The central bank also raised the ceiling for contactless card transactions and e-mandates for card and UPI-based transactions to Rs 5,000 from Rs 2,000.
He also said that the RBI’s teams are studying the incidence of a data centre outage at State Bank of India (SBI) that took place on Thursday.
The Reserve Bank of India (RBI) on Friday said that it will issue guidelines on digital payment security controls in view of the pre-eminent role being played by digital payment systems in India. The announcement comes at a time when a large bank has been served growth restrictions on account of repeated payment system outages and the overall rate of transaction failures in the UPI system has surged. The central bank also raised the ceiling for contactless card transactions and e-mandates for card and UPI-based transactions to Rs 5,000 from Rs 2,000.
In a rare instance of a central bank governor referring to a regulated entity by name, Shaktikanta Das said the decision to take supervisory action against HDFC Bank stemmed from repeated episodes of outages and the bank’s overwhelming presence in the digital payments segment. “We have some concerns about different deficiencies and, therefore, we felt that it is necessary that HDFC Bank strengthens its IT systems before expanding further,” Das said, adding, “We cannot put thousands or lakhs of customers who are using digital banking into any kind of difficulty for hours together and especially when we are ourselves giving so much emphasis on digital banking. The public confidence in digital banking needs to be maintained.” He also said that the RBI’s teams are studying the incidence of a data centre outage at State Bank of India (SBI) that took place on Thursday.
The governor emphasised the general need for all banks and all financial entities to invest more in IT systems and technology if they wished to retain public confidence in the system. The RBI is constantly engaged with the management of various banks and non-bank lenders where it sees deficiencies in systems and procedures. It tries to work with them internally and nudge them to improve their systems. “In certain situations, certain actions become unavoidable and inevitable and as the custodian of the digital payment segment in the country, the central bank has to act and that is precisely what we have done,” Das said.
Industry executives said that in an environment of increased adoption of digital processes, there are numerous threats that could hamper the process. Bharat Panchal, chief risk officer for India, Middle East & Africa, FIS, said, “In the proposed draft by the central bank, one can expect measures like increasing payment speed and reducing the infrastructure complexity, real-time fraud detection and prevention, improving the precision of risk scoring and accuracy of transaction blocking, and continuously screening for known fraud patterns.”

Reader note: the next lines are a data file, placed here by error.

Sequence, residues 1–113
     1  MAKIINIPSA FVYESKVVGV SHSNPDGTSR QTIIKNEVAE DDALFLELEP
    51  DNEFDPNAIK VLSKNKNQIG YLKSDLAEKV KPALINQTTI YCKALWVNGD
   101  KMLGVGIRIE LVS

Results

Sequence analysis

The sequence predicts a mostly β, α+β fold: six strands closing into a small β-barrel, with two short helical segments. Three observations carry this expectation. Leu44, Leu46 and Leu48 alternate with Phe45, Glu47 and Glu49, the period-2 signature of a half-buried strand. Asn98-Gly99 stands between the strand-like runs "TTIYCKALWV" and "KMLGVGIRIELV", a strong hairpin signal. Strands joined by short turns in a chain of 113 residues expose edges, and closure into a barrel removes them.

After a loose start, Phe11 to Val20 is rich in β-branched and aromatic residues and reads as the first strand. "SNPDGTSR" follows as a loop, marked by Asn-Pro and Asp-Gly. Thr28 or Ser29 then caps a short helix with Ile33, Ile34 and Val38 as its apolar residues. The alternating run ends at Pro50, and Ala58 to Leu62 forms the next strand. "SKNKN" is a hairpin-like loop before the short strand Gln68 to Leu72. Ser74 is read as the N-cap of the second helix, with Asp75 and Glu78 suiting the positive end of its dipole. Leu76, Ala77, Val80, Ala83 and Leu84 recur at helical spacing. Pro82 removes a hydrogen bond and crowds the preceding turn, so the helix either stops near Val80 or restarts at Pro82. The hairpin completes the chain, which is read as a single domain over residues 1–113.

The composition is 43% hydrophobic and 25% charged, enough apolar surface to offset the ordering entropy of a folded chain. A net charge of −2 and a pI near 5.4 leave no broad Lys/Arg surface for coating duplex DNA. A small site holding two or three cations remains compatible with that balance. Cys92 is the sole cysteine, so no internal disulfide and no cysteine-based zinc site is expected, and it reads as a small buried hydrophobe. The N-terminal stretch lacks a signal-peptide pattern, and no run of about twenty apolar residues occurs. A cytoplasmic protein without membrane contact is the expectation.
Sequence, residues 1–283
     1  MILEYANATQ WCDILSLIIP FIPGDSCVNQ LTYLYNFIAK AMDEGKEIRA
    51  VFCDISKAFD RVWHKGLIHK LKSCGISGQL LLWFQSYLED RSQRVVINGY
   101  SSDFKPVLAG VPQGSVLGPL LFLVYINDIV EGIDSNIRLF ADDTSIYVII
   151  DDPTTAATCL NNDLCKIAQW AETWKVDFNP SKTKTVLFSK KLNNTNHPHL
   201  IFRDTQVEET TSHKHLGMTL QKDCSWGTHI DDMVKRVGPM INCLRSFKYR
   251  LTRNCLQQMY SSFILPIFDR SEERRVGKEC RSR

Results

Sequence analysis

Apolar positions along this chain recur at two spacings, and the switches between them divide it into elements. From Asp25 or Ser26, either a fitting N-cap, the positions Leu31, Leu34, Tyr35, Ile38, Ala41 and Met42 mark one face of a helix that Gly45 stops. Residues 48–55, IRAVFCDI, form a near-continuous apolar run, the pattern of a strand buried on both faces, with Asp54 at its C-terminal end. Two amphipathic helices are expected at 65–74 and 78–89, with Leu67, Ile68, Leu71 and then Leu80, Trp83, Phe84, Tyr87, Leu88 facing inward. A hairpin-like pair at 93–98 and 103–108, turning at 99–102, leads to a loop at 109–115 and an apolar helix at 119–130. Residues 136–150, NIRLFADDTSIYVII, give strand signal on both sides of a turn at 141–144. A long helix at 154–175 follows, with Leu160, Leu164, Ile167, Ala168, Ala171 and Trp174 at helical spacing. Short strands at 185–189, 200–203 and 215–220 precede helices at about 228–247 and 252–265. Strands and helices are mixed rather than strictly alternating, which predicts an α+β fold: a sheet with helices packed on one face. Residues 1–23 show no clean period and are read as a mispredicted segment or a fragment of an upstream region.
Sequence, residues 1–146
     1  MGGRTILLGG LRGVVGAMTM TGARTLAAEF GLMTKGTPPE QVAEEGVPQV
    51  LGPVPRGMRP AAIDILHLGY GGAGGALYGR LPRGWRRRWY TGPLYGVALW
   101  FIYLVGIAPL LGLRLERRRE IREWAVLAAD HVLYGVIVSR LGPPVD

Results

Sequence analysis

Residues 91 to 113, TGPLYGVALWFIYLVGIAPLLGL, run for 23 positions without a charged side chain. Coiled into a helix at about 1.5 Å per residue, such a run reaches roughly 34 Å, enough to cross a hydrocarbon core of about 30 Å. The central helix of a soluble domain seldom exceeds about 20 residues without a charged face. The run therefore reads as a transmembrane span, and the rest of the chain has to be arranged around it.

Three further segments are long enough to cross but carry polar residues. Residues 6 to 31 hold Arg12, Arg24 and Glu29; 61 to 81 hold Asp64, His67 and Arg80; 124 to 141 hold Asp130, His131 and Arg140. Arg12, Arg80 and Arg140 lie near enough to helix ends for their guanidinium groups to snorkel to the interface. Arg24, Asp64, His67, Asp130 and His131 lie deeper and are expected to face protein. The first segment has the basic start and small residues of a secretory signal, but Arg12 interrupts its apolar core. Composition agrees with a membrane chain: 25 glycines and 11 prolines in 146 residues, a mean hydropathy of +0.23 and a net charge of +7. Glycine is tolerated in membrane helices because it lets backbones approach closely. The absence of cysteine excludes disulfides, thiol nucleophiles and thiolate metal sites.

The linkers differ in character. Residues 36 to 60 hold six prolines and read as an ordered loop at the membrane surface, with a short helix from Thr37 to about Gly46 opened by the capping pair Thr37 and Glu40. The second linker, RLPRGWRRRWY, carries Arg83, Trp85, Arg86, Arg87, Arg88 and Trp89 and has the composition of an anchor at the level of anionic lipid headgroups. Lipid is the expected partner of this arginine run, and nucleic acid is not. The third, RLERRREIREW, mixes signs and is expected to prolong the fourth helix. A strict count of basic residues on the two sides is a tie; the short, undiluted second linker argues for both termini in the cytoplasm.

Payment firms also welcomed the higher cap on contactless payments and e-mandates, adding that it would encourage smaller businesses to accept digital payments. “Be it a monthly kirana bill, spa service or a course fee, the spectrum of products and service that can be paid through contactless payments will definitely expand with this new move,” said Manish Patel, founder and CEO, Mswipe. The increase in limit would enable faster checkouts and increased transaction volumes, thereby enabling merchants to reduce cash handling costs, Pine Labs said in a statement.
In addition to specific norms on digital payments, the central also plans to put in place a comprehensive framework for grievance redressal at banks. The framework will include enhanced disclosures on customer complaints by the banks, a monetary disincentive in the form of recovery of cost of redress of complaints from banks when maintainable complaints are comparatively high, and undertaking intensive review of grievance redress mechanism and supervisory action against banks that fail to improve their redress mechanism in a time-bound manner. The framework would be put in place during January 2021.